In the midst of the lame duck session, House lawmakers approve a one-year Medicare pay fix for physicians — clearing the measure for the president's signature.
The New York Times: House Passes Bill Averting Cut In Medicare Reimbursements
The House gave final approval on Thursday to a bill that would avert a 25% cut in Medicare payments to doctors by freezing reimbursement rates at current levels until the end of next year (Pear, 12/9).
PBS NewsHour: Congress Patches Payment Gap For Medicare Doctors
Congress once again headed off a pay cut for doctors who treat Medicare patients by stopping a 25% decrease in the amount the federal government pays them to take care of seniors. The cut was scheduled to take effect on January 1. Lawmakers have faced this issue every year since the 1990s, and every year they have granted doctors a reprieve without fixing the formula that triggers the pay cut. But what made this week different was that the Medicare pay cut became linked with the ongoing battle surrounding health reform (Bowser and Jacobson, 12/9).
The Hill: House Passes Obama-Backed Doc Fix
The House approved a one-year "doc fix" Thursday afternoon that will prevent a dramatic cut in Medicare physician payments. The measure was approved in a 409-2 vote one day after the Senate approved the $19.2 billion fix by unanimous consent (Millman, 12/9).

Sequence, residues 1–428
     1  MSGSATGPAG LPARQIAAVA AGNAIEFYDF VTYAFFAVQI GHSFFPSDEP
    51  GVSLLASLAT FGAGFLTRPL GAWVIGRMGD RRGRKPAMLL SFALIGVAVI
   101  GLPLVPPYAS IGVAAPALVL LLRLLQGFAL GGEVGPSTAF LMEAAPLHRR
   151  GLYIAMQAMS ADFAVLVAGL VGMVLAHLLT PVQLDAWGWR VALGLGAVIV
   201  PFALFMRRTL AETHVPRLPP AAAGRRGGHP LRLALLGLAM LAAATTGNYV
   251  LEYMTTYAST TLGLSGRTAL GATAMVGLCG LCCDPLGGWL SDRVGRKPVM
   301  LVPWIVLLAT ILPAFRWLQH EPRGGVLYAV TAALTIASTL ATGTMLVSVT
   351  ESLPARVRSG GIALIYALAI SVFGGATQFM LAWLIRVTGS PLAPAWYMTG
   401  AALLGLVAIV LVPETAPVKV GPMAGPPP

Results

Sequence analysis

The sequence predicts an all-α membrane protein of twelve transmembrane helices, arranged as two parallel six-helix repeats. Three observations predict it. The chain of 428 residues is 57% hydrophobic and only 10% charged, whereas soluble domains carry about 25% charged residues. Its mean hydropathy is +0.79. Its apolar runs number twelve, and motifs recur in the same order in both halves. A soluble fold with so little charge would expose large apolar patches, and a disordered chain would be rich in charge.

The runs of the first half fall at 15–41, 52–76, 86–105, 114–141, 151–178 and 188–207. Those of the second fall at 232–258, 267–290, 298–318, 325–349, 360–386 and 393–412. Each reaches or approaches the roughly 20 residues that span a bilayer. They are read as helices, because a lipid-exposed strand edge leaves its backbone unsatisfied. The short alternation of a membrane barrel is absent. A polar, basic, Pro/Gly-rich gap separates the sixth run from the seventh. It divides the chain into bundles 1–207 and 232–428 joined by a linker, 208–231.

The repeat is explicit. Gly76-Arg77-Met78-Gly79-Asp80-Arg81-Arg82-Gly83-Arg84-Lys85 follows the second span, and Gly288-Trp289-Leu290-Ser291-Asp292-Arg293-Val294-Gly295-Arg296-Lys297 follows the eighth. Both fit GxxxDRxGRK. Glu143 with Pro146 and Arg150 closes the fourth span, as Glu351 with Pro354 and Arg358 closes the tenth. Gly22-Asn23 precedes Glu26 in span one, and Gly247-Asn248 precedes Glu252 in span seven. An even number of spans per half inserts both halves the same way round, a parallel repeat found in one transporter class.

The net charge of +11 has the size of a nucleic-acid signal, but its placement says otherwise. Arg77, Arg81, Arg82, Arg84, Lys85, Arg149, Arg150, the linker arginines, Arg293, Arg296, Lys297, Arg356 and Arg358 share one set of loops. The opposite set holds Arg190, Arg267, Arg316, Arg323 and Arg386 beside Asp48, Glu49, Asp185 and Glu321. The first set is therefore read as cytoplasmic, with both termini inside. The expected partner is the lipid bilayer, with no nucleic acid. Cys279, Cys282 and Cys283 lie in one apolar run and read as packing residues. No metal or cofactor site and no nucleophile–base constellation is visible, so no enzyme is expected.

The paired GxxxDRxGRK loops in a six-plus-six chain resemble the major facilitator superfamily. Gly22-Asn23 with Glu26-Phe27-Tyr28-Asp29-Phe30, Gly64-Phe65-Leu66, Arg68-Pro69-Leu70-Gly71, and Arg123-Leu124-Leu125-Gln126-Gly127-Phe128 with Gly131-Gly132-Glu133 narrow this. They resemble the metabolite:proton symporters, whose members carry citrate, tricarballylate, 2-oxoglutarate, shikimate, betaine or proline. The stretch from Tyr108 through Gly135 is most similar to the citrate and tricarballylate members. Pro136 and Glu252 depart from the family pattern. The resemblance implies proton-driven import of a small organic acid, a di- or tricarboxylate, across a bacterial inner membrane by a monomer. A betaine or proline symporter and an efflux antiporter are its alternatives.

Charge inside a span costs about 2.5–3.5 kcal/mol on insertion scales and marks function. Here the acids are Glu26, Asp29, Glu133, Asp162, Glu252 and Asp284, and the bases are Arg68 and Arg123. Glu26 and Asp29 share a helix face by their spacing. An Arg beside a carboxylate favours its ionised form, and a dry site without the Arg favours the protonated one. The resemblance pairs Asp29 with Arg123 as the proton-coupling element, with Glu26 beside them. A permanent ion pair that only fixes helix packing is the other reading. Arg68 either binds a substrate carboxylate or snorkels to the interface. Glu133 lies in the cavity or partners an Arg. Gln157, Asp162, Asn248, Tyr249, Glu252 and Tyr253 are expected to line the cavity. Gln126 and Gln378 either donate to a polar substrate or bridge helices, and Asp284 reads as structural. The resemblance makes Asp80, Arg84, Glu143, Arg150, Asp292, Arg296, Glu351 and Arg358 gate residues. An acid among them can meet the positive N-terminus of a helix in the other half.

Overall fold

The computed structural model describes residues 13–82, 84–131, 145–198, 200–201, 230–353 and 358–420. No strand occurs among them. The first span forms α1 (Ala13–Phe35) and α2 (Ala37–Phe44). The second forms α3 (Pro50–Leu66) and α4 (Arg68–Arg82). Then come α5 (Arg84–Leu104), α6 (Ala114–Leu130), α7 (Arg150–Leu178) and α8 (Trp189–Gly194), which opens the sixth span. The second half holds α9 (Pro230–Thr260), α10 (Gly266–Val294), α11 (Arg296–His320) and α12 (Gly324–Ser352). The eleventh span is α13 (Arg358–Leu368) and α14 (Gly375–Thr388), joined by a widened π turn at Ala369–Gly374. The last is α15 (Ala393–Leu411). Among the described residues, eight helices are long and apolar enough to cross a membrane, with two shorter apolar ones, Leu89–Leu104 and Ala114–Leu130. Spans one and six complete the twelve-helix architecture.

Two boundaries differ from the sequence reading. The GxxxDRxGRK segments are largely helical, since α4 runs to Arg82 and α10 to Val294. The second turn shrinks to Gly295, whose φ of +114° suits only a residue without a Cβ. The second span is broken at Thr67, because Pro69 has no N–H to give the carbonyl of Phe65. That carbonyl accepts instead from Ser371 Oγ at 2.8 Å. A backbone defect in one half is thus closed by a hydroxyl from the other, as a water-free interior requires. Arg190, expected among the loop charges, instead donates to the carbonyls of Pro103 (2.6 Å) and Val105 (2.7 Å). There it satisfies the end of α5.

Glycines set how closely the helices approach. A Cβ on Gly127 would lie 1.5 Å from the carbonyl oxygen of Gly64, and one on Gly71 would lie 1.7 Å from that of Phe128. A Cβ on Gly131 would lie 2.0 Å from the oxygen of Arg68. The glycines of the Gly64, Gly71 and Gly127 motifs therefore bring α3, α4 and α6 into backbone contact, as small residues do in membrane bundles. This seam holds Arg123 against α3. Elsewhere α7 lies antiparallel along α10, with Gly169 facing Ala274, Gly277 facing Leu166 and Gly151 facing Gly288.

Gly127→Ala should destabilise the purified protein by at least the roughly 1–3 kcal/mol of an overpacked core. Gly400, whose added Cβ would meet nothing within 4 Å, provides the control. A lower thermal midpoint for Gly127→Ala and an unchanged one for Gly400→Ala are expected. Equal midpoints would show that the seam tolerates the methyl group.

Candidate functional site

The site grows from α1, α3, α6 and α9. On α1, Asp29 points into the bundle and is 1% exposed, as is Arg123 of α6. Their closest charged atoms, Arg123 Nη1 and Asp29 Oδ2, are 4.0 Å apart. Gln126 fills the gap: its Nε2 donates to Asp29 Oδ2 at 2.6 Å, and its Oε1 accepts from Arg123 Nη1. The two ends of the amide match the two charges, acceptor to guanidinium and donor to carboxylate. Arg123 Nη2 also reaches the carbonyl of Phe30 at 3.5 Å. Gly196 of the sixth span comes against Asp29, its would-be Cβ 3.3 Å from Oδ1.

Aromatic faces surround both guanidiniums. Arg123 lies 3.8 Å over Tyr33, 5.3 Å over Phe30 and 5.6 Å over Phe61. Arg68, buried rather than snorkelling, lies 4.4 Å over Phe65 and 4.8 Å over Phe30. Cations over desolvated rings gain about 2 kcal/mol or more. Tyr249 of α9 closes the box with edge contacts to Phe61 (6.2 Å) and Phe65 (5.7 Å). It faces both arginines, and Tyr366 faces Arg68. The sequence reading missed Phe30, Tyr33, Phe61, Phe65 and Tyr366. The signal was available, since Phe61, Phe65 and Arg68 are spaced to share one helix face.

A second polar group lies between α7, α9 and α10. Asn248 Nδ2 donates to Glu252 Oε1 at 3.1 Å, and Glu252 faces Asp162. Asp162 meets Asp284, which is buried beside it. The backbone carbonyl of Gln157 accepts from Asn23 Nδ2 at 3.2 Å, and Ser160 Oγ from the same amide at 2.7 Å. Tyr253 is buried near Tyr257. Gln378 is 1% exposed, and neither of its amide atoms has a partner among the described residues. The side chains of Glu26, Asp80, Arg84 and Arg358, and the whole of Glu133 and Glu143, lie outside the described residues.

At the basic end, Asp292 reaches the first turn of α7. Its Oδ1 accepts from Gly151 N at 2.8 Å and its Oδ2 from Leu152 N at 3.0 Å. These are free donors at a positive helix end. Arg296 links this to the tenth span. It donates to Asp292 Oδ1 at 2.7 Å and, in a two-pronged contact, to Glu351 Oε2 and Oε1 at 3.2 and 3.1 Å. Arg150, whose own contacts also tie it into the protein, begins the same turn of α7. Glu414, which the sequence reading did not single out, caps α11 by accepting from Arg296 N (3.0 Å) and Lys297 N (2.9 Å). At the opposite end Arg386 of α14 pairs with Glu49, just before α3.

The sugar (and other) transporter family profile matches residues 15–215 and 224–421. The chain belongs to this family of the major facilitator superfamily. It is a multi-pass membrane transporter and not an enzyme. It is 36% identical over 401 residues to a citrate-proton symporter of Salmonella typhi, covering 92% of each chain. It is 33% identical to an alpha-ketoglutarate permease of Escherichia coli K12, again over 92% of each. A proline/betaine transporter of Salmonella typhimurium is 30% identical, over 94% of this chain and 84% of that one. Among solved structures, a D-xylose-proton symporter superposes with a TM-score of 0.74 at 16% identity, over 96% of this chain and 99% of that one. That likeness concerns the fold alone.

In other congressional news, the Senate falls short of votes needed to pass legislation to provide 9/11 Ground Zero workers with health benefits and other compensation.
The Wall Street Journal: Senate Vote Falls Short On 9/11 Bill
Senate Republicans on Thursday voted down a bill to provide health care and compensation to sick Ground Zero workers, a major setback for one of New York's biggest legislative priorities and one that left the bill's supporters scrambling for one more chance against shrinking odds (Barrett, 12/10).
The Associated Press: 9/11 Health Bill Falls Short In Senate Test Vote
Senate Republicans on Thursday derailed a bill to aid people who got sick after exposure to dust from the World Trade Center's collapse in the Sept. 11 attack. Supporters were three votes short of the 60 needed to proceed to debate and a final vote on the bill that would have provided as much as $7.4 billion in health care and compensation to 9/11 responders and survivors. The bill failed on a test vote, 57-42 (12/9).
Reuters: Senate Republicans Block 9/11 Health Bill
The $7.4 billion [9/11] measure was one of a number of bills Senate Republicans have blocked as lawmakers push to complete their work for the year. Republicans have vowed to block any legislation, other than bills to fund the U.S. government, until an impasse is resolved over extending expiring tax cuts for virtually all taxpayers, including the wealthiest Americans (Smith, 12/9).
Bloomberg: Sept. 11 Health Bill For Ground Zero Workers Blocked by Senate Republicans
More than 30,000 workers and survivors of the 2001 attacks responded to the attack site while it burned for several weeks. Last month, 10,043 settled lawsuits claiming illness and injury from the alleged failure of the city and 140 contractors to adequately protect them. They will participate in a fund of about $625 million created by the U.S. government (Stewart, 12/9).